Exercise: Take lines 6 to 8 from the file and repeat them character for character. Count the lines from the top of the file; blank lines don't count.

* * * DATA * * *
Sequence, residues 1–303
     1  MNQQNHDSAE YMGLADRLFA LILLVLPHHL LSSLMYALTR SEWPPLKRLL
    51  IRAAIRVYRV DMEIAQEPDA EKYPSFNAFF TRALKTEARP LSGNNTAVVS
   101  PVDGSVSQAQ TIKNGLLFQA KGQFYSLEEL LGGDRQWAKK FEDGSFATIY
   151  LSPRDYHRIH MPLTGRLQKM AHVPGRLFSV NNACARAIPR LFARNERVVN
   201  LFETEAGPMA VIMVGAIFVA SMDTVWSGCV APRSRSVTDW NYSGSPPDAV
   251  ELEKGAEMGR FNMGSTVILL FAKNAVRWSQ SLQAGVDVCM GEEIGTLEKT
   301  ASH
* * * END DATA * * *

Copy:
   201  LFETEAGPMA VIMVGAIFVA SMDTVWSGCV APRSRSVTDW NYSGSPPDAV
   251  ELEKGAEMGR FNMGSTVILL FAKNAVRWSQ SLQAGVDVCM GEEIGTLEKT
   301  ASH